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What Is An Escrow Holdback?

Tools on a work bench used to do home repairsWe recently had a deal on a cute condo with a loft area. The issue was there was no railing on the area of the loft adjacent to the stairwell, so the appraiser called it out as a health and safety hazard (someone could literally fall down the stairs). The underwriter of course called for a small railing to be installed prior to funding.

The seller wanted to get the property off his hands as quickly as possible and did not care to have any work done on the property. Our buyer was selected over multiple cash offers, which would not have required the work to be done.

In this instance, an escrow holdback would have been a perfect solution.

WHAT IS AN ESCROW HOLDBACK?

An escrow holdback occurs when escrow puts aside (or holds back) money during closing for repairs on a home. Once the repairs are done, the money is later refunded. Escrow holdbacks motivate both sellers and buyers to work together complete any necessary repairs because funds from both parties are held in escrow. In general, escrow holdbacks are only for the amount of the estimated repairs.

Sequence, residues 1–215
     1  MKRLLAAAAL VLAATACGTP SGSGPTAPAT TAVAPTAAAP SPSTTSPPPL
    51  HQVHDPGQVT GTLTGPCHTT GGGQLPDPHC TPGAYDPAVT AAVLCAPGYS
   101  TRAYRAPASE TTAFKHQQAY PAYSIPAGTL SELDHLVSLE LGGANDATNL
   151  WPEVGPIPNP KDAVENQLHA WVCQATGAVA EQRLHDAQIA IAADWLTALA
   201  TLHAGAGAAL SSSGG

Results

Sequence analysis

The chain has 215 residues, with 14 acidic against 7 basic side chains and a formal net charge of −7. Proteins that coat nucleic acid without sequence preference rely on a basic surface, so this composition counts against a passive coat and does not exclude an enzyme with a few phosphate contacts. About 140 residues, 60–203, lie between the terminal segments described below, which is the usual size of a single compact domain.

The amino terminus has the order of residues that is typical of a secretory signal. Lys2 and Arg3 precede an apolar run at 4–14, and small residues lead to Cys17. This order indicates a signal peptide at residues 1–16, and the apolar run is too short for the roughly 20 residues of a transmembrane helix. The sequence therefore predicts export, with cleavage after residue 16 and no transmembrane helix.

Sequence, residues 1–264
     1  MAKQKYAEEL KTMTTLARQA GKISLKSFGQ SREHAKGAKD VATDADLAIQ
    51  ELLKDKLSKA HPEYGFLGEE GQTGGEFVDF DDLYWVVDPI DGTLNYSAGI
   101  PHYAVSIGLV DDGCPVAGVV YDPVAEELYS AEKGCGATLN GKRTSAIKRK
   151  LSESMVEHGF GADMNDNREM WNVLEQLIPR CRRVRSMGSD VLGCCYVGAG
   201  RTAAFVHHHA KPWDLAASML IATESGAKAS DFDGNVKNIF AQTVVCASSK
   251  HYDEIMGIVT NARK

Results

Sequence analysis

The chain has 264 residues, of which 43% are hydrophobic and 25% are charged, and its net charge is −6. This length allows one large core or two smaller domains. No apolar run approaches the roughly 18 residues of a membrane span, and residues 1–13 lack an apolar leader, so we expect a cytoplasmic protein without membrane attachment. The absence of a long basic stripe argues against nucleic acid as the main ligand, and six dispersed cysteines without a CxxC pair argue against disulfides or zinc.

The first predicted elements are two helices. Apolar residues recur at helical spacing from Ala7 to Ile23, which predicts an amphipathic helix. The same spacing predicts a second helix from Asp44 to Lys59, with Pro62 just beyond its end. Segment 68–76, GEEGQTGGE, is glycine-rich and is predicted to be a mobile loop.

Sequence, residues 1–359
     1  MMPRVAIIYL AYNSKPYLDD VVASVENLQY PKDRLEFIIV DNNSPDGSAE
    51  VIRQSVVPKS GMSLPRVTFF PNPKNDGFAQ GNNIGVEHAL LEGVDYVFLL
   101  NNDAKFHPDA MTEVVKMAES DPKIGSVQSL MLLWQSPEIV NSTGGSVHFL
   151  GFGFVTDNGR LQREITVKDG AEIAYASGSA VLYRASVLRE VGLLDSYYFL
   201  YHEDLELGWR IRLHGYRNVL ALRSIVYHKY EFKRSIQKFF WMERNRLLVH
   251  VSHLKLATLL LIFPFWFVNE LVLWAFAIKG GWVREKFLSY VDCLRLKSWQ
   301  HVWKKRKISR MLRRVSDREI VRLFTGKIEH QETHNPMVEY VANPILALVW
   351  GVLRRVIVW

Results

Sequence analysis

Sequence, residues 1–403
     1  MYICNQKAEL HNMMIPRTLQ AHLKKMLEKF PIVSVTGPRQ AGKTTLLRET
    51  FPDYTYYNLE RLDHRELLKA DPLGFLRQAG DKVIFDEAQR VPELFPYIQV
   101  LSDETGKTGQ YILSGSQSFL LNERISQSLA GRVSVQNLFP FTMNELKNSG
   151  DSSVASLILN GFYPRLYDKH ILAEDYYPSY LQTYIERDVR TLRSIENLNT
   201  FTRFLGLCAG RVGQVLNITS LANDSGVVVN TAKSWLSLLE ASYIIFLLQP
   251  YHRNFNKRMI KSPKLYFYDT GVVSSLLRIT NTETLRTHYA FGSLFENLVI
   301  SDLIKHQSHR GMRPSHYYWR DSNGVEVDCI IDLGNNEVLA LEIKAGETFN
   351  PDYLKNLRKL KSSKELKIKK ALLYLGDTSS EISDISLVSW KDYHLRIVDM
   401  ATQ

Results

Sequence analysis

HOW DO ESCROW HOLDBACKS WORK?

Rather than delay the closing of the home for repairs, the lender my agree to an escrow holdback. In this case, the buyer could have obtained a bid for the work and posted the money in escrow at closing. Once the repairs are completed, the lender receives proof of the work completed and a new appraisal is ordered for the property.

Unfortunately, escrow holdbacks for repairs (even in such a common-sense situation as this) are still not allowed by many lenders. They are unwilling to take the risk that the work is not done, or not done properly, in which case they have unwarrantable collateral.

The only escrow holdback we can do is for sewer lateral repairs. The deposit of $4,500 (typically—the amount can vary) is posted in escrow according to the terms of the contract, and the deposit is sent to EBMUD or another government entity responsible for the sewer lateral compliance. That entity will then release the balance of the funds to the party who made the deposit (either the buyer or the seller) once the property is in compliance.

In the scenario above, a tactful agent was able to negotiate and arrange the work to be done with the seller, and we still ended up closing on time with all parties satisfied.

Jay Voorhees
Founder/Broker | JVM Lending
(855) 855-4491 | DRE# 1197176, NMLS# 310167